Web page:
Our study showed that there were no significant clinical effects with the use of NOACs with single antiplatelet therapy and that the use of NOACs with DAPT increased major bleeding events with a marginal protection against MACE. These findings demonstrate that NOACs are unlikely to generate any meaningful favorable impact on ischemic outcomes in patients with ACS and can potentially promote excessive bleeding, especially when added to DAPT. Therefore until new evidence provides further insight into this matter, practitioners should avoid adding NOACs to single antiplatelet therapy or DAPT in ACS subjects unless the NOAC are clinically necessary for another indication such as coexisting NVAF or venous thromboembolism. In such scenario, the dosage and duration of the anti-thrombotic and antiplatelet therapy should be individually tailored to each patient based on the risk of thromboembolism, ischemia, and hemorrhage.

How was this study conducted?

This study was a meta-analysis of all the randomized controlled trials to date on the use of NOACs in ACS population. The study was conducted according to Cochrane Collaboration guidelines and was reported in accordance with Preferred Reporting Items for Systematic Review and Meta-Analyses report. A total of 31,574 patients were analyzed. The mean age of study participants was 64 years, 76% were males, 22% had a history of myocardial infarction and 32% had diabetes mellitus. For final interpretation of the results, we relied on generic invariance weighted random effects model to combine outcomes from each trial. The principal summary statistic was hazard ratio with 95 % confidence interval. Q-statistic was used to estimate heterogeneity and was quantified by I2. There was significant heterogeneity in the studies.

These findings are described in the article entitled Meta-analysis of the safety and efficacy of the oral anticoagulant agents (apixaban, rivaroxaban and dabigatran) in patients with acute coronary syndrome, recently published in the American Journal of Cardiology. This work was conducted by Safi U. Khan, Adeel Arshad, Irbaz Bin Riaz, Swapna Talluri, Fahad Nasir and Edo Kaluski. Both the first and senior author belong to Guthrie Health System/Robert Packer Hospital, Sayre, PA.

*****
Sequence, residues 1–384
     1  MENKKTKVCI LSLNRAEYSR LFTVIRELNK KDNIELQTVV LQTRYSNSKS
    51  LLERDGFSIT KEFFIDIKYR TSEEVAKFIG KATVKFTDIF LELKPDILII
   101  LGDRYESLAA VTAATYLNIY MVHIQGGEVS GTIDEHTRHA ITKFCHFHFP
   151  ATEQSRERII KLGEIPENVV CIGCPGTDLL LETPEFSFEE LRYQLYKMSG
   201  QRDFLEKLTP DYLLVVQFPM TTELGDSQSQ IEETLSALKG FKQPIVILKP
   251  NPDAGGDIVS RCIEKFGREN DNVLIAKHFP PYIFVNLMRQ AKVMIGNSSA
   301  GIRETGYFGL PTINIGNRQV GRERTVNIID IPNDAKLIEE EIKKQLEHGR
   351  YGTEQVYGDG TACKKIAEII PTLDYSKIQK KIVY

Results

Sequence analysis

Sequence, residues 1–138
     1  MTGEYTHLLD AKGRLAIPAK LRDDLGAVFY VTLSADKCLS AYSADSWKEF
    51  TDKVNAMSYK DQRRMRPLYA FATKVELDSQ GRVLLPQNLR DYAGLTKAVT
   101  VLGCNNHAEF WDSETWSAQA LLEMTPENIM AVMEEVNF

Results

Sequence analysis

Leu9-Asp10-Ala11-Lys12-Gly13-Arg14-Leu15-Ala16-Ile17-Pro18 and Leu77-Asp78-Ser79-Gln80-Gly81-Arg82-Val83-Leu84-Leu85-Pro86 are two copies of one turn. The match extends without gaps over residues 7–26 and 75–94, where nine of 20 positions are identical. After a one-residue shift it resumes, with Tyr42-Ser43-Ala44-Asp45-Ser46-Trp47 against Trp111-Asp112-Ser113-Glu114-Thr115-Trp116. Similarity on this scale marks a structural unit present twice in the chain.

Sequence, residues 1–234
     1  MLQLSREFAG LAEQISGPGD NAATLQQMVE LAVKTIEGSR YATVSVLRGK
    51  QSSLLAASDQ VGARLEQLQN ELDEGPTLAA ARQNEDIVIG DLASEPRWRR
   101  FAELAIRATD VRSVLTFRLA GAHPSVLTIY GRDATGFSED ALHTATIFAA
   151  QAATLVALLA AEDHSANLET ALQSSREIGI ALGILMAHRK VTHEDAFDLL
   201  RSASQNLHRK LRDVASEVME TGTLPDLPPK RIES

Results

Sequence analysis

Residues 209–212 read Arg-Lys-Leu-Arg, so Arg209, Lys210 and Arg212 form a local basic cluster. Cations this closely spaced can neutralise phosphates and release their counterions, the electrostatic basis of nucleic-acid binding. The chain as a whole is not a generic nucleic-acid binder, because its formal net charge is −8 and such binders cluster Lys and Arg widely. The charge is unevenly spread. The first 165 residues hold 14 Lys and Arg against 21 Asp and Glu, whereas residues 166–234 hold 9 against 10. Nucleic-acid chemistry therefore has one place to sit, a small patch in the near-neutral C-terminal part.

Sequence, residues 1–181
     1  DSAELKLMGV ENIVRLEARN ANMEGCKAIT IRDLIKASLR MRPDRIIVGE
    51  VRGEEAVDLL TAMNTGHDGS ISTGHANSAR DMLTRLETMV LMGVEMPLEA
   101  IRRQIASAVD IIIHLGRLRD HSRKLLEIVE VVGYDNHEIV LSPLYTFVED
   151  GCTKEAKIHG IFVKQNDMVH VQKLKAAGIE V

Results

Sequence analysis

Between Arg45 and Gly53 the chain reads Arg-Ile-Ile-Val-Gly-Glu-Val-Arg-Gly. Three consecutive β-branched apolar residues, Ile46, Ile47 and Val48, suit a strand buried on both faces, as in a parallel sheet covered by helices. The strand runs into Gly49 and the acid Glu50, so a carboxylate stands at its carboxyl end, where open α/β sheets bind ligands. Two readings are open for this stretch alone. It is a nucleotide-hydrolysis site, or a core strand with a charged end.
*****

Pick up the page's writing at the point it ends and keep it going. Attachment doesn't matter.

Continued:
1. Libby P. Mechanisms of acute coronary syndromes. The New England journal of medicine. Aug 29 2013;369(9):883-884.
  2. Hurlen M, Abdelnoor M, Smith P, Erikssen J, Arnesen H. Warfarin, aspirin, or both after myocardial infarction. The New England journal of medicine. Sep 26 2002;347(13):969-974.
  3. Dewilde WJ, Oirbans T, Verheugt FW, et al. Use of clopidogrel with or without aspirin in patients taking oral anticoagulant therapy and undergoing percutaneous coronary intervention: an open-label, randomised, controlled trial. Lancet (London, England). Mar 30 2013;381(9872):1107-1115.
  4. Cannon CP, Bhatt DL, Oldgren J, et al. Dual Antithrombotic Therapy with Dabigatran after PCI in Atrial Fibrillation. The New England journal of medicine. Aug 27 2017.
  5. Gibson CM, Mehran R, Bode C, et al. Prevention of Bleeding in Patients with Atrial Fibrillation Undergoing PCI. The New England journal of medicine. Dec 22 2016;375(25):2423-2434.